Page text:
The announcement last week that the Nobel prize for economics was going to Toulouse professor Jean Tirole led to a flurry of essays and articles discussing the economic effects of regulation, the area of research in which Tirole has forged his reputation.
The Sveriges Riksbank Prize in Economic Sciences in Memory of Alfred Nobel, to use the formal, delightfully unwieldy title, is rarely as timely as this year's. The Royal Swedish Academy, in explaining Tirole's prizeworthiness, pointed specifically to his work on industrial organisation and competition policy, which is particularly relevant to the thorny issues raised by regulation of technology companies.
Understandably, when we try to identify the factors that contribute to a vibrant innovation ecosystem, we tend to focus on the visionary founders, the cultural attitudes to entrepreneurship, the importance of network effects, the role of venture capitalists and so on.
But Tirole’s work, often applying game theory in the examination of everything from platform competition to the risk of regulatory capture to the economics of patent markets, highlights an underappreciated ingredient required for encouraging innovation – the larger impact of regulation.
Given the myriad problems regulators are having in grappling with entirely new challenges posed by the technology industry, from Google’s search market dominance to Apple’s ebook strategy to Amazon’s dominant online retail position, it’s vital to thoroughly understand how various forms of regulation can affect and curb innovation.
It is Tirole who has provided exactly that theoretical framework, in particular his theories on platform competition in two-sided markets, which are relevant when we consider how to regulate things like net neutrality or online advertising.
Coincidentally, a few days before the Tirole announcement, I attended a wide-ranging talk by
, chief business commentator of the Financial Times, on “Regulating innovation in the new Europe”.
In the course of the talk, Gapper discussed the varying approaches to regulation in the US and Europe, and the philosophical differences those approaches represent. Silicon Valley doesn’t just benefit from Stanford’s production line of smart workers and access to capital, but also from a regulatory framework that tends to be more permissive of new technologies than that in Europe. Key to this, he pointed out, was the differing attitudes to disruption.
"The favourite word in Silicon Valley these days is disruption, which is a rather nice word that suggests you're shaking things up in a positive sort of way," Gapper said. "But what it actually means is destruction of existing businesses. Joseph Schumpeter, the Austrian economist, expressed it very well in his phrase 'creative destruction', and the nature capitalism being a constant ferment of things being pulled down, and rising and collapsing. In a broad sense, the US is far more comfortable with creative destruction than Europe."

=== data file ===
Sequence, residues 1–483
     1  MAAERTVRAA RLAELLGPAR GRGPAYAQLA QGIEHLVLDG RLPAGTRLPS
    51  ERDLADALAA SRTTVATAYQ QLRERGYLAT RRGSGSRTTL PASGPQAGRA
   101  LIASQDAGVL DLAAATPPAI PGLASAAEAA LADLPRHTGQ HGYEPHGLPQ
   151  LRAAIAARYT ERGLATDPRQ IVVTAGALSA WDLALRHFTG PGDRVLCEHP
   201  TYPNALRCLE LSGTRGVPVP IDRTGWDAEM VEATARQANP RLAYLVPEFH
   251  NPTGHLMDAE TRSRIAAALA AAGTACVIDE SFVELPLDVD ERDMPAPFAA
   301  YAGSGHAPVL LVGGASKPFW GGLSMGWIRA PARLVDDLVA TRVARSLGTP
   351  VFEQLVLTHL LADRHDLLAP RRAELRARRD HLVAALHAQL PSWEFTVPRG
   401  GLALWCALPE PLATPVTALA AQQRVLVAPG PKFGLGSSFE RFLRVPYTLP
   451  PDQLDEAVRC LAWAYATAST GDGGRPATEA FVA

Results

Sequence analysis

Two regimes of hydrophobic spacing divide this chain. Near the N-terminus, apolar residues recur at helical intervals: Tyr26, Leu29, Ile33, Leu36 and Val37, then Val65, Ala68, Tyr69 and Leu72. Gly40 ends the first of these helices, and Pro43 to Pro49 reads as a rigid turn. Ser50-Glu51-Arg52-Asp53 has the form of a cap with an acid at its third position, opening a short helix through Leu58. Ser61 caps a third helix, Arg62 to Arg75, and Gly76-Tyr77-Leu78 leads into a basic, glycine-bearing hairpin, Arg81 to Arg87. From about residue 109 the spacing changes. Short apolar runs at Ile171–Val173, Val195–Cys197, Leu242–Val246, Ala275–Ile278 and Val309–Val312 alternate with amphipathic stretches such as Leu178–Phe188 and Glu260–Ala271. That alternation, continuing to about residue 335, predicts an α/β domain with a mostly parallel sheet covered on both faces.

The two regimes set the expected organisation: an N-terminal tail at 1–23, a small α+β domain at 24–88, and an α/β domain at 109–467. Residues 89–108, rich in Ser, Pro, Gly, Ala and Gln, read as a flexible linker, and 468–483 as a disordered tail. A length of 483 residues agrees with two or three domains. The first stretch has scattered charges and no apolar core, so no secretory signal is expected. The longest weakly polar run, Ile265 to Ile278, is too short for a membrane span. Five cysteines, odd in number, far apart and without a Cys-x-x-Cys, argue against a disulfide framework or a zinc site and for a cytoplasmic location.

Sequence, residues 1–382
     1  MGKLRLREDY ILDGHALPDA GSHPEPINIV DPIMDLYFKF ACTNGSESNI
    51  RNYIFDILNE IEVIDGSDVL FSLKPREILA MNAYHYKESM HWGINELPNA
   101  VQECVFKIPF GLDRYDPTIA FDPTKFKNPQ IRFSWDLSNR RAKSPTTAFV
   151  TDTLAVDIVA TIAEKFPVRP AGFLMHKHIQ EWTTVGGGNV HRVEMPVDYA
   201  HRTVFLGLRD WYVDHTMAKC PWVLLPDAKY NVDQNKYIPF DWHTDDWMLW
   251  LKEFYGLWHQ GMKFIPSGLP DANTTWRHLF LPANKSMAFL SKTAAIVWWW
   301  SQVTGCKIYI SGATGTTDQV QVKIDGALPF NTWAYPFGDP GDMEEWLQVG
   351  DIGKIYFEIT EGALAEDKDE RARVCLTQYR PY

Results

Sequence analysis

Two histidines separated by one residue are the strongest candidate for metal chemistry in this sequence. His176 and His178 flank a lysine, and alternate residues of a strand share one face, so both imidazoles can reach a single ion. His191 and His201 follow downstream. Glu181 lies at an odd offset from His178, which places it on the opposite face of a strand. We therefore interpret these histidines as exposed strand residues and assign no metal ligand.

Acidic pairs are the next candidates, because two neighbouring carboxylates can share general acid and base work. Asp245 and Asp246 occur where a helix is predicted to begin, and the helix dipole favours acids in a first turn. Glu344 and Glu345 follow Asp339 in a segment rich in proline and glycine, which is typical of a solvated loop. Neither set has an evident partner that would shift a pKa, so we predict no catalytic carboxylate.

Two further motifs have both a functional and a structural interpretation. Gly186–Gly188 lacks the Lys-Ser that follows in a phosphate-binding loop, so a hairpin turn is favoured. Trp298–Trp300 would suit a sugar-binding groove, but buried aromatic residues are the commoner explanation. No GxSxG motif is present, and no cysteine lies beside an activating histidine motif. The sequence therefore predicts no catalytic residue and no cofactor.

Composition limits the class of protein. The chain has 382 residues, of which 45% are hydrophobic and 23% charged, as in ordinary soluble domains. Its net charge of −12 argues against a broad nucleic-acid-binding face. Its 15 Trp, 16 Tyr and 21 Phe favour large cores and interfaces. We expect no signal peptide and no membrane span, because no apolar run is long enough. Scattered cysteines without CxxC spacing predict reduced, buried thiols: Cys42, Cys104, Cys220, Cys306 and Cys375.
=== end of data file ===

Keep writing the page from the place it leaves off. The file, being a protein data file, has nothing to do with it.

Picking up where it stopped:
Now, the notion that the US is a regulation-free environment is plainly wrong – in the annals of hilariously bad regulations, the US boasts some of the most blatantly protectionist measures imaginable, usually parading under the flimsy guise of consumer protection.
Gapper acknowledged as much, and also pointed out that the EU has some of the smartest regulatory policies – the regulation of telecommunications in the EU is one example where Europe is far ahead of the US, for instance, largely because European governments adhered to Tirole’s theories when breaking up state telecom monopolies.
But, on the whole, many European countries use regulation to protect older businesses from disruption, as evidenced in the European Commission's antitrust case against Google or Germany's attempts to undermine Uber.
A related point was made in a
New York Times
opinion piece by German journalist Anna Sauerbrey. “In Berlin, Sigmar Gabriel, the vice-chancellor and economics minister, is investigating whether Germany can classify Google as a vital part of the country’s infrastructure, and thus make it subject to heavy state regulation,” she wrote. “To create and grow an enterprise like
or Uber takes a certain libertarian cowboy mind-set that ignores obstacles and rules... When problems appear, we look to Vater Staat – the Father State - to protect us.That includes challenges by ‘disruptive’ business models, like those coming out of Silicon Valley.”
Sauerbrey is articulating more than just German resistance to disruption – it’s a common sentiment across Europe. The impulse to protect the status quo is strong, and in many cases that mitigates against the growth of disruptive companies – the fact there are so few consumer-oriented technology companies in Europe is rather telling in that light.
But it struck me that Gapper somewhat ignored a critical aspect of the technology industry’s disruptive capacity that requires extremely cautious regulation. Schumpeter’s creative destruction usually refers to the erosion of existing businesses and the fall of market incumbents, but the innovation coming out of Silicon Valley is disrupting more than just commercial enterprises – it is fundamentally eroding our sense of privacy, and with it a whole host of social norms.
Given that sort of disruption, the European impulse to maintain the status quo via regulation is much more prudent than the more laissez-faire approach in the US. After all, once destroyed, that expectation of privacy can never be restored. From Facebook to iCloud, from Google advertising to GPS-equipped smartphones, we are in uncharted territory for regulators. I suspect we're going to be increasingly looking to Jean Tirole and his colleagues as we try to strike the optimal balance.